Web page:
Type 1 fimbriae, a colonization factor of uropathogenic Escherichia coli, are controlled by the metabolic sensor CRP-cAMP.
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Type 1 fimbriae are a crucial factor for the virulence of uropathogenic Escherichia coli during the first steps of infection by mediating adhesion to epithelial cells. They are also required for the consequent colonization of the tissues and for invasion of the uroepithelium. Here, we studied the role of the specialized signal transduction system CRP-cAMP in the regulation of type 1 fimbriation. Although initially discovered by regulating carbohydrate metabolism, the CRP-cAMP complex controls a major regulatory network in Gram-negative bacteria, including a broad subset of genes spread into different functional categories of the cell. Our results indicate that CRP-cAMP plays a dual role in type 1 fimbriation, affecting both the phase variation process and fimA promoter activity, with an overall repressive outcome on fimbriation. The dissection of the regulatory pathway let us conclude that CRP-cAMP negatively affects FimB-mediated recombination by an indirect mechanism that requires DNA gyrase activity. Moreover, the underlying studies revealed that CRP-cAMP controls the expression of another global regulator in Gram-negative bacteria, the leucine-responsive protein Lrp. CRP-cAMP-mediated repression is limiting the switch from the non-fimbriated to the fimbriated state. Consistently, a drop in the intracellular concentration of cAMP due to altered physiological conditions (e.g. growth in presence of glucose) increases the percentage of fimbriated cells in the bacterial population. We also provide evidence that the repression of type 1 fimbriae by CRP-cAMP occurs during fast growth conditions (logarithmic phase) and is alleviated during slow growth (stationary phase), which is consistent with an involvement of type 1 fimbriae in the adaptation to stress conditions by promoting biofilm growth or entry into host cells. Our work suggests that the metabolic sensor CRP-cAMP plays a role in coupling the expression of type 1 fimbriae to environmental conditions, thereby also affecting subsequent attachment and colonization of host tissues.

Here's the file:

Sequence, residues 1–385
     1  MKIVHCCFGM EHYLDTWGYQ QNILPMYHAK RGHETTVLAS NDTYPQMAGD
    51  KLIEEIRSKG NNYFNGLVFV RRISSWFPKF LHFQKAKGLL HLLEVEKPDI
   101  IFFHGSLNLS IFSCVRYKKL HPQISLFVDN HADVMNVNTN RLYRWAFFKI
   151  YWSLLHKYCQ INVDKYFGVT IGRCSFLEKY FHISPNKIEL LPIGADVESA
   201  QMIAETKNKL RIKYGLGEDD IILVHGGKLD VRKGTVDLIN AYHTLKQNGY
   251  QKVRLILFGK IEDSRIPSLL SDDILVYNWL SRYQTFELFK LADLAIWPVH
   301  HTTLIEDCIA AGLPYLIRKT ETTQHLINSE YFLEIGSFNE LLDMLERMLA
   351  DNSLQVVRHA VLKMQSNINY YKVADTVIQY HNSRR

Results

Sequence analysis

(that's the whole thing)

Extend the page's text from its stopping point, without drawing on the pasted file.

This work was supported by grants from the Spanish Ministry of Education and Sciences (BIO2004-02747, BIO2007-64637 and the Ramon y Cajal Program), the Swedish Research Council, the Medical Faculty of Umea University, the Swedish Foundation for International Cooperation in Research and Higher Education (STINT), the International Graduate College IGK 587/2, the EU FP6 EuroPathoGenomics Network of Excellence, the Hungarian Research Foundation (grant OTKA 62092), and was in part performed within the Umea˚ Centre for Microbial Research (UCMR).
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Vol. 5 (2), article e1000303
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